By Stefan J. Bos, Chief International Correspondent Worthy News
(Worthy News) – Ex-U.S presidential candidate Hillary Clinton faces tough questions after the indictment of the primary source of a debunked dossier she used to attack her rival and then President Donald J. Trump.
Special counsel John Durham charged 43-year-old analyst Igor Danchenko with five counts of lying to the Federal Bureau of Investigation in interviews during 2017.
Danchenko was the principal source for the so-called “Steele dossier” given to the FBI to investigate Trump’s alleged ties to the Russian government.
The dossier was named after its author Christopher Steele who was paid by the Clinton campaign and the governing Democratic National Committee of the Democratic Party.
Steel, a former British spy, leveled at least a dozen Russian election conspiracy charges against President Trump and associates based mainly on sources such as Danchenko.
Documents show that prosecutors concluded that Danchenko gave differing accounts, including of the most salacious allegations: Danchenko first claimed but later played down that Trump consorted with prostitutes at a Moscow hotel that was under heavy surveillance by Russian authorities.
The Kremlin allegedly held a video about the encounters to blackmail Trump, according to those involved in the dossier. Investigators later found there was no shred of evidence to support these claims.
The indictment says Danchenko told the FBI he collected information about Trump’s activities at the hotel from multiple sources but didn’t know if the sexual allegations were true.
Trump has consistently denied the accusations.
Danchenko also allegedly concealed that one of his sources for the information he provided to Steele was someone who directly worked with the Clinton campaign.
While the indictment did not disclose the Clinton ally directly, speculation through major news organizations named Chuck Dolan, a close friend of the Clintons and a longtime Democratic Party operative as the undisclosed person of named in the indictment.
Dolan, a public relations executive who had Russian contacts, worked on Bill Clinton’s successful presidential campaigns and Hillary Clinton’s unsuccessful 2008 presidential bid.
And the case against Danchenko is part of current special counsel Durham’s probe into wrongdoing by Trump opponents that could lead to the Clintons themselves.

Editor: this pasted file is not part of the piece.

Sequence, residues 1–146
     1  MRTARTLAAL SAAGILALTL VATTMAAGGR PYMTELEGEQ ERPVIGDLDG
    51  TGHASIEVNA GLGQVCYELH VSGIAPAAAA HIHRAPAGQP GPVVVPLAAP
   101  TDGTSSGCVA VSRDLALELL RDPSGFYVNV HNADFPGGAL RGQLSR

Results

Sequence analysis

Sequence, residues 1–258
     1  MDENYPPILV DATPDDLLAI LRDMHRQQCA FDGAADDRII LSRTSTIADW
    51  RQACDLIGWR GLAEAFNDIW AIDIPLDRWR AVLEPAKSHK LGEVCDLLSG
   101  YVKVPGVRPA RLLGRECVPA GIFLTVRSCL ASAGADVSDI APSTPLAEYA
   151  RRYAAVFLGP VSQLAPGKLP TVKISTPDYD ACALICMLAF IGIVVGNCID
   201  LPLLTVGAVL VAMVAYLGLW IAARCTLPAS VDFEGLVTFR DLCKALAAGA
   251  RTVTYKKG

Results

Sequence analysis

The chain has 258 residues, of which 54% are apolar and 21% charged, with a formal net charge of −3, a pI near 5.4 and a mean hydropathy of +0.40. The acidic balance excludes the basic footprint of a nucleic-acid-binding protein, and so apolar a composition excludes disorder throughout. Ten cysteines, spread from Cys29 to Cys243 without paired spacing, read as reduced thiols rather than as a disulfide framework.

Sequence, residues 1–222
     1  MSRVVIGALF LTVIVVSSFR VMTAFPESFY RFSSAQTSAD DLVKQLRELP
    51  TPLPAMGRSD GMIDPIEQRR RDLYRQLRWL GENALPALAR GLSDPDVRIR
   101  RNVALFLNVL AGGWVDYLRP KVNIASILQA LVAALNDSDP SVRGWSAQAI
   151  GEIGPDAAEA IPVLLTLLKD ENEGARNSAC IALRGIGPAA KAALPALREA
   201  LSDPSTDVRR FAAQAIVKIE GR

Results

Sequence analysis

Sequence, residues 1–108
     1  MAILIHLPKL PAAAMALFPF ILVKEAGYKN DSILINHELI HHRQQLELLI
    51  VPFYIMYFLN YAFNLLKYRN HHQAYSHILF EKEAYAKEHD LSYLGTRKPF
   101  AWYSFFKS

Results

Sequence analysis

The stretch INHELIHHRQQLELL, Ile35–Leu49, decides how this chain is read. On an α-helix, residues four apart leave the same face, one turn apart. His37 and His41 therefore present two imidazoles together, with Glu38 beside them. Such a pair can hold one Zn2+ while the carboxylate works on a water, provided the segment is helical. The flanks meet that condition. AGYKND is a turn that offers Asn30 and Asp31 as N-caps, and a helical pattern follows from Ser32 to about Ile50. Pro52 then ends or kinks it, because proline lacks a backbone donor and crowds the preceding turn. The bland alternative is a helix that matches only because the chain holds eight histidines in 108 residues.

He wants to know the origins of the FBI’s investigation into whether Trump’s 2016 campaign and Russia had conspired to tip the outcome of that year’s presidential campaign.
The indictment, the third criminal case brought by Durham, is likely to boost complaints from Trump allies. They claim well-connected Democrats raised suspicions about Trump and Russia that contributed to the FBI’s election-year investigation.
Danchenko, appearing in court in an open-collar white shirt and dark pants, reportedly wanted to surrender to authorities Thursday as part of a deal with the government.
But prosecutors said that when news of the impending charges leaked, the FBI moved to arrest him. He was later released on a $100,000 bond following a brief court appearance.
Trial observers saw his indictment as another sign that Durham has eventually set his sights on the Clinton campaign. That’s because Clinton’s operatives spread the perceived bogus dossier to the Justice Department, the FBI, and news outlets.
Trump said the discredited dossier, authored by Steele, was a political attack to undermine his 2016 campaign and his presidency.
Steele has defended his report, a collection of memos, for the firm Fusion GPS.
Its explosive contents became part of the FBI’s investigation into Russian interference in the 2016 campaign.
The discredited dossier was used to help support surveillance requests for former Trump campaign adviser Carter Page.
At the time, the FBI defended its efforts saying it wanted to counter a “well-coordinated conspiracy of cooperation” between the Trump campaign and the Russian government.
The FBI based its information solely on the assessment by Steele, with the assistance of Danchenko, according to investigators.
A subsequent review of the FBI surveillance by the Justice Department’s inspector general reportedly revealed that the bureau’s surveillance requests were rife with error.
“Over time, the FBI attempted to investigate, vet, and analyze the (Steele report). But ultimately [it] was not able to confirm or corroborate most of their substantive allegations,” said court documents unsealed Thursday.
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